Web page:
Hell or High Water

When the going gets tough, the tough get going. For the Howard brothers, when the going gets tough, the tough start stealing and shooting and driving dangerously through the roads of West Texas.

See, Toby (Chris Pine) and Tanner (Ben Foster) are bank robbers. Their aim is half-redemption and half-retribution. Toby has a problem with killing. Tanner doesn’t, having done time already for murder.

When Texas Ranger Marcus Hamilton (Jeff Bridges) and partner Alberto Parker (Gil Birmingham) are assigned to track down the mysterious thieves, they find themselves on a collision course with two men who will do anything for each other and the people they love.

The beauty of “Hell or High Water” comes from a script that knows when to ignite its actors with beautiful dialogue and when to leave them in silence. The film often drowns out diegetic sound altogether, easing the audience into a removed state where they must act as judges, not participants, in the action. I say the phrase ‘beautiful dialogue’ without hyperbole: the script by Taylor Sheridan makes the most of American Southern dialect and the characters breathe like a Tarantino script. The sly remarks and jabs between Hamilton and Parker stand out especially. Here are two men alike in many ways, so they find the few differences between them to mock and tease. In the way old men do, they often cross lines. Hamilton makes a remark denoting Parker’s race, and Parker chuckles, and there is no hurt because their inborn respect for one another means that it is allowed. Time give sensitive hearts a stone coating.

An intelligent script awash with twists and turns is nothing without dedicated actors to dive into it headfirst. Chris Pine, previously marvelous in the rebooted “Star Trek” pictures and “Into the Woods” is here at last given the means to flex his acting chops. By this, I mean that he falls into the character, never stealing the scenes. Often, Pine is looking at the ground or into the distance – we get the feeling that he prefers going unnoticed. His character’s motivations drive the main plot, and Pine sells it by simply stating the obvious: that it’s the only thing he knows that’s worth doing. You get the feeling that once Toby’s task is accomplished, he would be content to melt into the desert around him and lay in the sun.

Playing the other Howard brother, Tanner, Ben Foster delivers yet another standout performance in a long career of brilliant work. As a character actor, I feel like I ought to call him underrated, but that would only be concerning the awards circuit. Foster continues to work with the brightest and best, and proves himself an invaluable asset to any film. Tanner is the more immediately interesting of the two brothers, with his spitfire attitude and seemingly magnetic attraction to trouble, but under the direction of David McKenzie, is never allowed to go over-the-top, resulting in a man who seems trapped in a cycle of endless violence. At times, we sense that he wants to leave all this behind, but then he holds a gun in his hands, and his eyes light up. And then he’s back at it.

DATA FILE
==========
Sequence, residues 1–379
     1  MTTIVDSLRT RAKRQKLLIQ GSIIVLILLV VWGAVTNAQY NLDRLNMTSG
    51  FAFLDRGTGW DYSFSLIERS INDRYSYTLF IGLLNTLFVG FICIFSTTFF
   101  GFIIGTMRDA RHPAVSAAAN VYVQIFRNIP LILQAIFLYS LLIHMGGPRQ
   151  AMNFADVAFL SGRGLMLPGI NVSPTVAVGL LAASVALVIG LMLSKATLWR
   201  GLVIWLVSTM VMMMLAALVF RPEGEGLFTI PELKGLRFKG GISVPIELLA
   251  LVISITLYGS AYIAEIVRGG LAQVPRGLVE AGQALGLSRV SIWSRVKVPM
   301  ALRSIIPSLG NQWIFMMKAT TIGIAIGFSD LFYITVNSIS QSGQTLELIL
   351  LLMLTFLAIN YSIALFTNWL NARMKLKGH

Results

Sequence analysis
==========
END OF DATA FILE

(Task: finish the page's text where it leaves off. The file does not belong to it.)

Playing the Marshals, Bridges as Hamilton plays the world-weary lawman in the same vein as Tommy Lee Jones did in “No Country for Old Men.” While Jones confronted an ultimate evil and came out even more tired because of it in that picture, Bridges seems content to sit back on his haunches and play the part one last time. He’s headed for retirement, and promises this to be his last case. It is, of course, a means for an ultimatum from the filmmaker – will Marshal Hamilton die on his last ever mission? – but the script wisely chooses to use it as material for many of Hamilton’s insults to Parker. Bridges brings some much-needed levity. In fact, all of the characters seem to joke around as much as they have quiet moments and intense conversations. Perhaps that’s because human beings are innately humorous creatures. You know you’re hearing great screenwriting when you don’t realize it until after the film.

Birmingham plays Parker with a subtle solemnity that commands respect. He is clearly used to being kicked around a little by Hamilton and giving it back in kind. I loved the touch that as soon as the action gets going, their mocking facade drops and they are brothers-in-arms as much as Tanner and Toby are brothers in blood.

As previously noted, the diegetic sound is often taken out of the film entirely so we can look on and watch the film as observers and not participants. It transcends the typical western boundaries to become a rare piece of American poetry. Especially powerful is a scene where Toby and Tanner are in a field and we see, for the first time, the little boys they must have been. They don’t act like brothers very often. Then they do. And that’s how brothers are. It’s not only a vital scene to the film that a weaker editor would have taken out – it’s one of the best scenes of 2016, and indeed, of any western in the 21st century.

I wish “Hell or High Water” had never ended. The pacing is so concise and each character so intricately built that you feel like this world is real, yet romanticized just enough that you could put your feet up on the Howard brothers’ porch rail and look out over the horizon. You’d sip from the cold glass in your hand. Then they’d get home and Tanner would threaten to shoot you if you stayed on their property any longer, and you’d take your leave. And you’d look at the horizon a little longer after.

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